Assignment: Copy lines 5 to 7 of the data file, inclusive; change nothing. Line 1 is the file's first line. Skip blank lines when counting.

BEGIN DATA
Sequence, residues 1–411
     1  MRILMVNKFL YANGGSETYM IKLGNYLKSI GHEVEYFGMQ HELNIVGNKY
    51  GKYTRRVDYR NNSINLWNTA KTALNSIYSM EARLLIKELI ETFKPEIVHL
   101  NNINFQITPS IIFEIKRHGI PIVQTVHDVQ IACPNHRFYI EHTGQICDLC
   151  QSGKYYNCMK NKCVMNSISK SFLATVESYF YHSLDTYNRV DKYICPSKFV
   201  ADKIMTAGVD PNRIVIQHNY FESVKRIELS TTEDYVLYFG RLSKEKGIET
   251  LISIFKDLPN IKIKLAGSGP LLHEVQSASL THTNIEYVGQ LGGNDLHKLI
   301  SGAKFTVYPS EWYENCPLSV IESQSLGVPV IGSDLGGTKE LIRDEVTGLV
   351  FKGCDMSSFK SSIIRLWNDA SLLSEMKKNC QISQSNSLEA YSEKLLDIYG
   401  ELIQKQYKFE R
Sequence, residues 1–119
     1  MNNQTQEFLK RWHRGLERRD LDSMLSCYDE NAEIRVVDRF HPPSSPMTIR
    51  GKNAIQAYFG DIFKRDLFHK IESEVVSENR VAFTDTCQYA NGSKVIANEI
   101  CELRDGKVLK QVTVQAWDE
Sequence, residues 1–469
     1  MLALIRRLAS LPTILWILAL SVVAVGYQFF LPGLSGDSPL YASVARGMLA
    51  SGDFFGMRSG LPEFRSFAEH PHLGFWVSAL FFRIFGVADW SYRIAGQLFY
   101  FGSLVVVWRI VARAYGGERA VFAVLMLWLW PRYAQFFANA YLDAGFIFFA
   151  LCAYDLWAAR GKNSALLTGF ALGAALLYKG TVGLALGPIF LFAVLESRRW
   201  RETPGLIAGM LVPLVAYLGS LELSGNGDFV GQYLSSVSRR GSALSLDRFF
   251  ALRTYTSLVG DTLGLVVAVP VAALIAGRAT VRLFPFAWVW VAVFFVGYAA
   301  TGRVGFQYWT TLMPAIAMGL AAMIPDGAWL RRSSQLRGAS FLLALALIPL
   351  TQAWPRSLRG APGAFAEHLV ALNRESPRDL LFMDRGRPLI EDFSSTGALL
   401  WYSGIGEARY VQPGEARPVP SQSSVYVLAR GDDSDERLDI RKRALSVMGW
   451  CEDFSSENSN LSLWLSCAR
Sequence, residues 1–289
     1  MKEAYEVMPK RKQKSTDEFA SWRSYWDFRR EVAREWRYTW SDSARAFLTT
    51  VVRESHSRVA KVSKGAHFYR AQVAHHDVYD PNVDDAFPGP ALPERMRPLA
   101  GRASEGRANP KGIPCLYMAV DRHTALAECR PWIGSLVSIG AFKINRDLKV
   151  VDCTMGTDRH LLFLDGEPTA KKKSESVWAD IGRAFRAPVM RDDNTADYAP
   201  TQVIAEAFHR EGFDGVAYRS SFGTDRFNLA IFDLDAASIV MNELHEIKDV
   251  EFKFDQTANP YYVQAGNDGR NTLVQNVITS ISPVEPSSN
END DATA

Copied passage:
   151  QSGKYYNCMK NKCVMNSISK SFLATVESYF YHSLDTYNRV DKYICPSKFV
   201  ADKIMTAGVD PNRIVIQHNY FESVKRIELS TTEDYVLYFG RLSKEKGIET
   251  LISIFKDLPN IKIKLAGSGP LLHEVQSASL THTNIEYVGQ LGGNDLHKLI